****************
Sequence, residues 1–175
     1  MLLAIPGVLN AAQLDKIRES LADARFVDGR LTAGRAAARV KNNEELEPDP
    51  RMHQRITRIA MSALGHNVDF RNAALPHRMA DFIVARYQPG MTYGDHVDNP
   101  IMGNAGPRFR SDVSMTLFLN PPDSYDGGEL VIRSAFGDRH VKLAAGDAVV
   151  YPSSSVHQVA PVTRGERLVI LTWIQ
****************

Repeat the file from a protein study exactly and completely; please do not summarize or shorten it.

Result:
Sequence, residues 1–175
     1  MLLAIPGVLN AAQLDKIRES LADARFVDGR LTAGRAAARV KNNEELEPDP
    51  RMHQRITRIA MSALGHNVDF RNAALPHRMA DFIVARYQPG MTYGDHVDNP
   101  IMGNAGPRFR SDVSMTLFLN PPDSYDGGEL VIRSAFGDRH VKLAAGDAVV
   151  YPSSSVHQVA PVTRGERLVI LTWIQ